Save Bristol Bay Hearing to Be Held in Seattle, WA

This Thursday, the EPA will hold a public hearing regarding the proposed Pebble Mine in Bristol Bay, Alaska. It is the only public hearing on the topic that the EPA will hold outside of the state of Alaska, making it one of the few opportunities for opponents of the proposed mining project in the lower 48 states to show their support for the Bristol Bay region and its fishery in person.

Save Bristol Bay Seattle Meeting

According to, "this is one of those times where you can truly make a difference. Please attend this event and let the EPA know how much Bristol Bay matters to Washington state, through the many jobs and businesses it supports; its lure as a world-class sport fishing destination; and the delicious, sustainable fish that graces our restaurants and dinner plates."

Hawaiian fisherman harvesting a large number of bonefish using nylon netting.

Recently, the picture seen below -- which depicts Hawaiian fisherman net harvesting bonefish from Hawaii's waters -- has circulated around the internet and has stirred up a long running debate regarding the practicality of harvesting bonefish as a commercial catch.

Opponents of net harvesting of Hawaiian bonefish, known locally as o'io, are attempting to have these fish placed under gamefish status by Hawaii's governor. Once under gamefish status, killing bonefish would not become illegal, but Hawaiian bonefish would be harvestable only when caught by rod and reel, thus ending the ability of local fisherman to harvest large catches of bonefish via netting.

It was very early into my time as a fly fisherman that I realized that buying machine-made, extruded leaders (typically labeled as "knotless tapered") leaders was a big fat waste of money. Especially as a beginner, given the increased frequency of lost flies, wind knots and the all-too-frequent rat's nests, leaders get chewed up quickly. At anywhere form around $10 to $20 per two-pack of leaders, this starts to add up fast. And, while I've known fishermen who can make a two pack of leaders last an astonishingly long time, that's because those individuals are perfectly adept at rebuilding leaders their leaders with tippet material, thus making their purchase of pre-made leaders relatively pointless.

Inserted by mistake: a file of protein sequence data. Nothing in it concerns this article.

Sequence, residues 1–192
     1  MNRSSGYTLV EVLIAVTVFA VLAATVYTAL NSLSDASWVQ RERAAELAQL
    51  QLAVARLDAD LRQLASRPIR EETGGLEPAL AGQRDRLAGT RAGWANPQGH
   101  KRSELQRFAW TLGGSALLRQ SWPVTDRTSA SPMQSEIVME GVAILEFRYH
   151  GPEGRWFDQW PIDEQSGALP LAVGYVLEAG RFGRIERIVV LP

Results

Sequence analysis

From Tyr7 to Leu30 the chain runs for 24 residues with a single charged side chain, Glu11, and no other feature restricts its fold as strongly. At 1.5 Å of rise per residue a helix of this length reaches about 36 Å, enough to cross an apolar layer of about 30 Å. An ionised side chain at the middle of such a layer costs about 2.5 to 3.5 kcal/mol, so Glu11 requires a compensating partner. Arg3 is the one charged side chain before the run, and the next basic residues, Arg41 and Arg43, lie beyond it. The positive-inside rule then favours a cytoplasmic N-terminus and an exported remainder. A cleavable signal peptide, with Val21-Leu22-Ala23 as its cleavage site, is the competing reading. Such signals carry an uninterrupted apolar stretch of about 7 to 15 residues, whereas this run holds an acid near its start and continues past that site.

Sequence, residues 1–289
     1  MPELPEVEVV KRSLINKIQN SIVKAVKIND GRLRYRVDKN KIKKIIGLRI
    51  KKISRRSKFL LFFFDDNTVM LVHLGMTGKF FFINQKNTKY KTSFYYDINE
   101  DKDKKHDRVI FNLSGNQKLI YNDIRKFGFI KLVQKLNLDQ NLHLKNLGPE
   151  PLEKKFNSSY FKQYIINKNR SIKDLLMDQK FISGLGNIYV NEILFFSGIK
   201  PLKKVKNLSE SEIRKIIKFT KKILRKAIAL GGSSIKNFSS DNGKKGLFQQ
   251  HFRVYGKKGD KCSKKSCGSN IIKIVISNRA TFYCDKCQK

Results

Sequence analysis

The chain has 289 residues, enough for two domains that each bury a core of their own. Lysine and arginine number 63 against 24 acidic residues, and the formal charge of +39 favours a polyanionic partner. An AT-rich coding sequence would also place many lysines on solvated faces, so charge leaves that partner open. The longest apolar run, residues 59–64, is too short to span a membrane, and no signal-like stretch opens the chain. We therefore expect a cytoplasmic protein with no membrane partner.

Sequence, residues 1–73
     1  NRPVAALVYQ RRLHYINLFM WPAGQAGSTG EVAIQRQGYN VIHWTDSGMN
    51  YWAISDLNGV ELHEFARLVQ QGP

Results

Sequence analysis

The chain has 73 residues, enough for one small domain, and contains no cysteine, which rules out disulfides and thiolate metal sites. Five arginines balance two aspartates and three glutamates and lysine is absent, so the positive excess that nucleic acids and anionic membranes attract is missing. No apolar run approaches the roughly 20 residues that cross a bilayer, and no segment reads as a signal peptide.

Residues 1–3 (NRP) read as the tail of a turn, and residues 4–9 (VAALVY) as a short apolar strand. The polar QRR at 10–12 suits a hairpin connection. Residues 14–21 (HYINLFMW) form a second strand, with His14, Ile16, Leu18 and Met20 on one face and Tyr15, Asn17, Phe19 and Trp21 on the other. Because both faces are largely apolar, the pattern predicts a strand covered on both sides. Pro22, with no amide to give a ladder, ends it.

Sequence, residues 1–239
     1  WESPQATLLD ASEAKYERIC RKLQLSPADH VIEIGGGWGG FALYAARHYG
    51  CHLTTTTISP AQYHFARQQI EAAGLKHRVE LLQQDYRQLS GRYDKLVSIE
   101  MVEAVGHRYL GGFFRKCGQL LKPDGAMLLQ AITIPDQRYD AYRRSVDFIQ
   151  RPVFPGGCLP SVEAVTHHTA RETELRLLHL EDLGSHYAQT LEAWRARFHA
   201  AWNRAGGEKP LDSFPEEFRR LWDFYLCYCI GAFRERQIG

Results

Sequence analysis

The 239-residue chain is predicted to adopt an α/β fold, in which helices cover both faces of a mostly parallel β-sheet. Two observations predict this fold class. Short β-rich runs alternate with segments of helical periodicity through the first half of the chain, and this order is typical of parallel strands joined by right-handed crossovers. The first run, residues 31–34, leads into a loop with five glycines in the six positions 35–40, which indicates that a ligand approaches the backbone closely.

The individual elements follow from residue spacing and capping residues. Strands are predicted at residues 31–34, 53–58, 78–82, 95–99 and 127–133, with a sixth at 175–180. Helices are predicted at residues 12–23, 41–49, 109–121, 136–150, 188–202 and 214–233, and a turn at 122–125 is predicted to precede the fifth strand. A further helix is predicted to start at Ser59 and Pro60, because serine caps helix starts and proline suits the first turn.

Despite the nagging suspicion that I was throwing a lot of money down the drain, I wasn't certain of an alternative. Instead of seeking one out, I lazily continued to drop what likely amounted to $100 per year on leaders. A couple of years later, I was turned onto furled leaders. If you're not familiar with furled leaders, take the time to check them out. They offer an excellent alternative to pricey, relatively disposable extruded leaders and they last forever. Though I found several seasons of respite from the extruded leader money pit in furled leaders, I ultimately decided that they weren't for me. Most furled leaders I tried at the time provided a excellent durability and a still unmatched level of streamside convenience, but lacked the sort of stiffness in the butt section that I prefer. To be fair, it's been several years since I've used one and I certainly never tried them all, so things certainly may have changed. Regardless of this one minor perceived shortcoming, furled leaders still stand out as a preposterously more sane alternative to knotless tapered leaders.